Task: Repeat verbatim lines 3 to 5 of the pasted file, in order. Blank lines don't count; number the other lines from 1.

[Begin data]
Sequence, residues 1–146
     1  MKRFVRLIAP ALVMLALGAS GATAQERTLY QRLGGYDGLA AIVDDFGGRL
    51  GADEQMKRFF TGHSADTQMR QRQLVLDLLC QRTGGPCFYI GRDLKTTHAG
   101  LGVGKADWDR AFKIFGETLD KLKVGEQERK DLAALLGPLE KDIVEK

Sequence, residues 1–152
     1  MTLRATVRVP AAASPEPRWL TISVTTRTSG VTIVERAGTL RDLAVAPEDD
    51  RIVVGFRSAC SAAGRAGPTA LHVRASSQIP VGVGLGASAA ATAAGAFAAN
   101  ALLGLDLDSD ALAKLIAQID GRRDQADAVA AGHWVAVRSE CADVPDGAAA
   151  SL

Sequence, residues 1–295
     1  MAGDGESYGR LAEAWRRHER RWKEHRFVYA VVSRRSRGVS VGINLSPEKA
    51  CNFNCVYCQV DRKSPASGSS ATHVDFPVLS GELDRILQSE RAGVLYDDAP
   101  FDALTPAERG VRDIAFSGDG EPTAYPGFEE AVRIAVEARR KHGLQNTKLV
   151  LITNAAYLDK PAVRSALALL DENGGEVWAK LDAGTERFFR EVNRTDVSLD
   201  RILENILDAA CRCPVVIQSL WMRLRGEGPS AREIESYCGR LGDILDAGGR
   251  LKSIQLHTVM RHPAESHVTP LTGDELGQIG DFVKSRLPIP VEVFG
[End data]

    51  GADEQMKRFF TGHSADTQMR QRQLVLDLLC QRTGGPCFYI GRDLKTTHAG
   101  LGVGKADWDR AFKIFGETLD KLKVGEQERK DLAALLGPLE KDIVEK

Sequence, residues 1–152